I’m ten years old when my mother flies to India for a week-long business trip and brings back a plush tiger for my collection. At ten, I still name all the members of my plush menagerie, and I decide the tiger needs a particularly strong and fearsome name. There are three ragged stripes on its bristly cheek that look like scars; I imagine the tiger’s opponent raising a clawed paw to strike, and I name my tiger Rape, after the action I believe the word represents.
My mother blanches when I tell her. “Name him something else,” she says. “That’s not a nice word.”
“I thought it meant to attack, or pounce,” I protest. I feel like I’ve done something wrong, but I’m not sure how. “Isn’t that what tigers do?”
“It’s not a nice word,” my mother reiterates. “Pick something else.”
So I rename the tiger. I don’t remember the replacement name. But I remember what it felt like to know the word rape before I knew what it meant. A vague suggestion of violence, a shine of claws, a slash in darkness.
Exhibit B: Bastard, Before
When it all comes back, I am sitting on the windowsill of my bedroom in Kandy, Sri Lanka, watching fireflies dance through the mahogany trees. It’s the third week of November 2016; I turned nineteen a month ago. I’ve been accepted to a handful of American colleges; I’ve organized my first solo art exhibition. I miss the routine and rivalry of high school, but for the most part I’m comfortable with where I am. Then realization hits, like the proverbial bolt from the proverbial clear blue sky. Tumblers turn over one by one, scattered information slots suddenly into place, a name given to the nameless. I drink numbly from a mug of gone-cold tea and try to deny it, try to shove it all back in the box, this altered reality that didn’t exist in my mind minutes ago. But it won’t budge. You can’t put the monster back under the bed.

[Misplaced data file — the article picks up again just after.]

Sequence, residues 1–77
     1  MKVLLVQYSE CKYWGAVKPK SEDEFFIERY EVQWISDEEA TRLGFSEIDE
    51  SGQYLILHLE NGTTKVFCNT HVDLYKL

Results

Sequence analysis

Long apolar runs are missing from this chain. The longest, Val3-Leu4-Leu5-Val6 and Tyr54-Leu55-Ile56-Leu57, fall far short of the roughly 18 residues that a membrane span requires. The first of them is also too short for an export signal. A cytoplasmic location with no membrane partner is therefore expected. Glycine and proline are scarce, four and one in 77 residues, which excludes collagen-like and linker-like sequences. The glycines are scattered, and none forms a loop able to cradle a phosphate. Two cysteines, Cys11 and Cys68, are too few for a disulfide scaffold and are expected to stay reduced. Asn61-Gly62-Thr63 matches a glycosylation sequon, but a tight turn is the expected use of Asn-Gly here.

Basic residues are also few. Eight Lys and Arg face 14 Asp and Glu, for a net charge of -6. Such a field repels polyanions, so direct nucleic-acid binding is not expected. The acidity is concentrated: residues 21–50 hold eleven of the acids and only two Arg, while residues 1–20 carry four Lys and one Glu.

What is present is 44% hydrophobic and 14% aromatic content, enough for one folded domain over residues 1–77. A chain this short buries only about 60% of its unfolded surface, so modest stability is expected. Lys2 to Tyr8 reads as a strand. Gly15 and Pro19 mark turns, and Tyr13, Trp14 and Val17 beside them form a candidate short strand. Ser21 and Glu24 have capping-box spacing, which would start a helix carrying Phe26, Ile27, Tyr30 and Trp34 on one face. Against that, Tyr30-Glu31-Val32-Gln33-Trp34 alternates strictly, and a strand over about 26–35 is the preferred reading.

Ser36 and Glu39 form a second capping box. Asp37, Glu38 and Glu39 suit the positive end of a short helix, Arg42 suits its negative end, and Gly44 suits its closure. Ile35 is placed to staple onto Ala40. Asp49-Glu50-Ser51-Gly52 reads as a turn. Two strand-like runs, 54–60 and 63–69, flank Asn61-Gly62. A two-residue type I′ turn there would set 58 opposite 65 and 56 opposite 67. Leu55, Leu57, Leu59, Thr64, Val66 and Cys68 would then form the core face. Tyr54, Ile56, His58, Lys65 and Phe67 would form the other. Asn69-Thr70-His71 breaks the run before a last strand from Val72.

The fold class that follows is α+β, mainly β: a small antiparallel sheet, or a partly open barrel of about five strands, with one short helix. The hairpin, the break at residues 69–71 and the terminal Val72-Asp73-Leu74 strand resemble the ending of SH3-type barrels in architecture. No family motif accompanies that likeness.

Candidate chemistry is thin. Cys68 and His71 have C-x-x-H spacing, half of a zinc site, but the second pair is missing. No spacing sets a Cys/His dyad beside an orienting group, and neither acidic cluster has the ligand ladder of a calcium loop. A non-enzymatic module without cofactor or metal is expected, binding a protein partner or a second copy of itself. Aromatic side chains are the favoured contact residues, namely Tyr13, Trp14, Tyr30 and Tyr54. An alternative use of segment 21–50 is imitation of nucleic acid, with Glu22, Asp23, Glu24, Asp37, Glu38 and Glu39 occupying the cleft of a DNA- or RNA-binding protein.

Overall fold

Downstairs, my mother is singing how great thou art as she flattens chapatis; my father is watching TV with his German Shepherd. The Game of Thrones poster above my desk tells me valar morghulis. All men must die.
The next day, or maybe a few days later–the chronology of this period is difficult to recall–I visit a friend’s house to study for an exam that will permit our admittance to foreign universities. I sit on her bed, surrounded by bookshelves stocked with every Western fantasy series ever imported, and hint around what has happened in my mind. She’s a sheltered girl, a tomboy whom the boys at school keep around like their mascot, and the things I describe are unimaginable in her fantasy realms–even if they existed, they would be accompanied by a sword, a warrior, a comeuppance. Not just this amorphous murkiness that settles across the bedroom. We go downstairs and eat the fried rice her mother has ordered from Red Dragon. I am comforted by the MSG; I say yes when she suggests watching Harry Potter after lunch. I decide not to keep talking about it.
Telling my best friend, the one I’ve known since we were eleven, is harder. I peed my pants in front of her and we call each other every night, but I don’t have the courage to say these words. I don’t even know which words to use. But because we’re both writers, in the habit of sharing our work, it’s not suspicious when I email her a poem and tell her to call me back after she’s read it.